Effect of Co-Inoculation with Mycorrhiza and Rhizobia on the Nodule Trehalose Content of Different Bean Genotypes

L Ballesteros-Almanza 1, J Altamirano-Hernandez 1, J.J Peña-Cabriales 3, G Santoyo 1, J.M Sanchez-Yañez 1, E Valencia-Cantero 1, L Macias-Rodriguez 1, J Lopez-Bucio 1, R Cardenas-Navarro 2, R Farias-Rodriguez 1, *
1 Instituto de Investigaciones Quimico-Biologicas. Universidad Michoacana de San Nicolas de Hidalgo, Edificio B1 Ciudad Universitaria. Morelia, Michoacan, Mexico
2 Instituto de Investigaciones Agropecuarias y Forestales. Universidad Michoacana de San Nicolas de Hidalgo, Km 9.5 Carretera Morelia-Zinapecuaro, Unidad Posta Zootecnica. Tarimbaro, Michoacan, Mexico
3 Departamento de Biotecnologia y Bioquimica, CINVESTAV Campus Guanajuato. Km. 9.6 Carretera Salamanca-Leon. Irapuato, Guanajuato, Mexico

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© Ballesteros-Almanza et al.; Licensee Bentham Open.

open-access license: This is an open access article licensed under the terms of the Creative Commons Attribution Non-Commercial License ( which permits unrestricted, non-commercial use, distribution and reproduction in any medium, provided the work is properly cited.

* Address correspondence to this author at the Instituto de Investigaciones Quimico-Biologicas. Universidad Michoacana de San Nicolas de Hidalgo, Edificio B1 Ciudad Universitaria. Morelia, Michoacan, Mexico; Tel: (+52) 443 3265790; Fax: (+52) 443 3265788; E-mail:


Studies on Rhizobium-legume symbiosis show that trehalose content in nodules under drought stress correlates positively with an increase in plant tolerance to this stress. Fewer reports describe trehalose accumulation in mycorrhiza where, in contrast with rhizobia, there is no flux of carbohydrates from the microsymbiont to the plant. However, the trehalose dynamics in the Mycorrhiza-Rhizobium-Legume tripartite symbiosis is unknown. The present study explores the role of this tripartite symbiosis in the trehalose content of nodules grown under contrasting moisture conditions. Three wild genotypes (P. filiformis, P. acutifolis and P. vulgaris) and two commercial genotypes of Phaseolus vulgaris (Pinto villa and Flor de Mayo) were used. Co-inoculation treatments were conducted with Glomus intraradices and a mixture of seven native rhizobial strains, and trehalose content was determined by GC/MS. The results showed a negative effect of mycorrhizal inoculation on nodule development, as mycorrhized plants showed fewer nodules and lower nodule dry weight compared to plants inoculated only with Rhizobium. Mycorrhizal colonization was also higher in plants inoculated only with Glomus as compared to plants co-inoculated with both microsymbionts. In regard to trehalose, co-inoculation negatively affects its accumulation in the nodules of each genotype tested. However, the correlation analysis showed a significantly positive correlation between mycorrhizal colonization and nodule trehalose content.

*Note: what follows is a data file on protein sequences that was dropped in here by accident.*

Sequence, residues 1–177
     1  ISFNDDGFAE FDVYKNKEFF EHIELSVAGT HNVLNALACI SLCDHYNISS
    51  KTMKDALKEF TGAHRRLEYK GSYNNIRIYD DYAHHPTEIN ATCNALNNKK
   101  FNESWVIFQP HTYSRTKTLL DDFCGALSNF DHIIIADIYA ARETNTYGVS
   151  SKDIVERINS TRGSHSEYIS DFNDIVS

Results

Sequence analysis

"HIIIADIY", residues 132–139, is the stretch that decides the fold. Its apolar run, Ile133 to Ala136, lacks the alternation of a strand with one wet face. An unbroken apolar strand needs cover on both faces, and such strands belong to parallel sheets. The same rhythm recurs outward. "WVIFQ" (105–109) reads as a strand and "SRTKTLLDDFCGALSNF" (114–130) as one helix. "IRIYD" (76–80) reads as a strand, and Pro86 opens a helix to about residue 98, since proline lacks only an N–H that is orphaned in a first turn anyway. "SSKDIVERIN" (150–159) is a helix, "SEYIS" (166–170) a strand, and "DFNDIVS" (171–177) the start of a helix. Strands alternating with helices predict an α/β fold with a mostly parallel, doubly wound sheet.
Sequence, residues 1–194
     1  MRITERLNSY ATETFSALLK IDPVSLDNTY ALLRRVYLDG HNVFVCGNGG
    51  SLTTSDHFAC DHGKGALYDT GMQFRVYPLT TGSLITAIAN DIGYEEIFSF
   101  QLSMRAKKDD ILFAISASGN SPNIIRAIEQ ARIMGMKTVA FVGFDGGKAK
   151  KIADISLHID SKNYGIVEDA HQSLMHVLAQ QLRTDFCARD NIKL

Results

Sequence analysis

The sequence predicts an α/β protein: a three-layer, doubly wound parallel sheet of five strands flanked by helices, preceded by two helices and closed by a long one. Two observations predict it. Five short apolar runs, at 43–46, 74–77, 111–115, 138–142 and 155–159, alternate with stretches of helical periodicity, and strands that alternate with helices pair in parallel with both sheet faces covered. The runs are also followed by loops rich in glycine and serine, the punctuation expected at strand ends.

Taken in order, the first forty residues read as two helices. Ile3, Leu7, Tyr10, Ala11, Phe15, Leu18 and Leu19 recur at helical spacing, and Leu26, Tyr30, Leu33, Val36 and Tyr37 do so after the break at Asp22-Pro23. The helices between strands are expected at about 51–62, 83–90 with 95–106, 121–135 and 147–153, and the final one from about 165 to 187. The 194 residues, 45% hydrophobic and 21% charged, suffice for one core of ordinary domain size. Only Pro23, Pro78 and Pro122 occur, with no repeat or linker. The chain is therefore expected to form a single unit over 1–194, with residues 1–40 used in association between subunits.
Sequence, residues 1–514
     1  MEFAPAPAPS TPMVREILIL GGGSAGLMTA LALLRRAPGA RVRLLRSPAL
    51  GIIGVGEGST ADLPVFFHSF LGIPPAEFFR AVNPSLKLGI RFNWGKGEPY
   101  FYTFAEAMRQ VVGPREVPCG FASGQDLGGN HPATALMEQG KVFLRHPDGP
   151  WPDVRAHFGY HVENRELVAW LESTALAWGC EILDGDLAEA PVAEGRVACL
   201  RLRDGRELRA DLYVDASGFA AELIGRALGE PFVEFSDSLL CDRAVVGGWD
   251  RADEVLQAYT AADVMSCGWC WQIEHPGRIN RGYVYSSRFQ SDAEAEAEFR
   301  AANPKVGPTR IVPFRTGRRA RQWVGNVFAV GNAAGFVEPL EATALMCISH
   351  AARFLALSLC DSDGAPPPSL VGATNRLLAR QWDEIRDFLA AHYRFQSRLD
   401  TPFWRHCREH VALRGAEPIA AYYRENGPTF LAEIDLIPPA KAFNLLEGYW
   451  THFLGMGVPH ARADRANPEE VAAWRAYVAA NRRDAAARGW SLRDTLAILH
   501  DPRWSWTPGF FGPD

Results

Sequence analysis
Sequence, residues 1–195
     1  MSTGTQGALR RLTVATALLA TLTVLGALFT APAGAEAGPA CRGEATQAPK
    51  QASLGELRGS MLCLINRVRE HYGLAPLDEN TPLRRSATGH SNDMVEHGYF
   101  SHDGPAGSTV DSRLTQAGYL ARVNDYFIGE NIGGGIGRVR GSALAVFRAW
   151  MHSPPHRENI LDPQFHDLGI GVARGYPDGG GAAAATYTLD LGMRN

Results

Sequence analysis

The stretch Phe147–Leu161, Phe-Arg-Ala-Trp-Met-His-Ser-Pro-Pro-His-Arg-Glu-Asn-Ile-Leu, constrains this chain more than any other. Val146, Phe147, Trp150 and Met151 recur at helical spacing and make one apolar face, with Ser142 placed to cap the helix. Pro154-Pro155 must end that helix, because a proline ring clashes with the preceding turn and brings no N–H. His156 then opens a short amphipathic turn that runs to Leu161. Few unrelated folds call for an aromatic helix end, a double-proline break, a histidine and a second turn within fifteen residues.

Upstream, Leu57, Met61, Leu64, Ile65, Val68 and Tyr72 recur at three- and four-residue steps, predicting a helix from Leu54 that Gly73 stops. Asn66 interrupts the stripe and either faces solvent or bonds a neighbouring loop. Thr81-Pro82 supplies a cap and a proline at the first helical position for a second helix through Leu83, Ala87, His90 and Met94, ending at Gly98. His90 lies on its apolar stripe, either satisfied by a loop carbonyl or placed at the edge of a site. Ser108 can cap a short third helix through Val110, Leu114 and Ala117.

Keywords: Mycorrhiza-Rhizobium co-inoculation, Trehalose, Drought stress.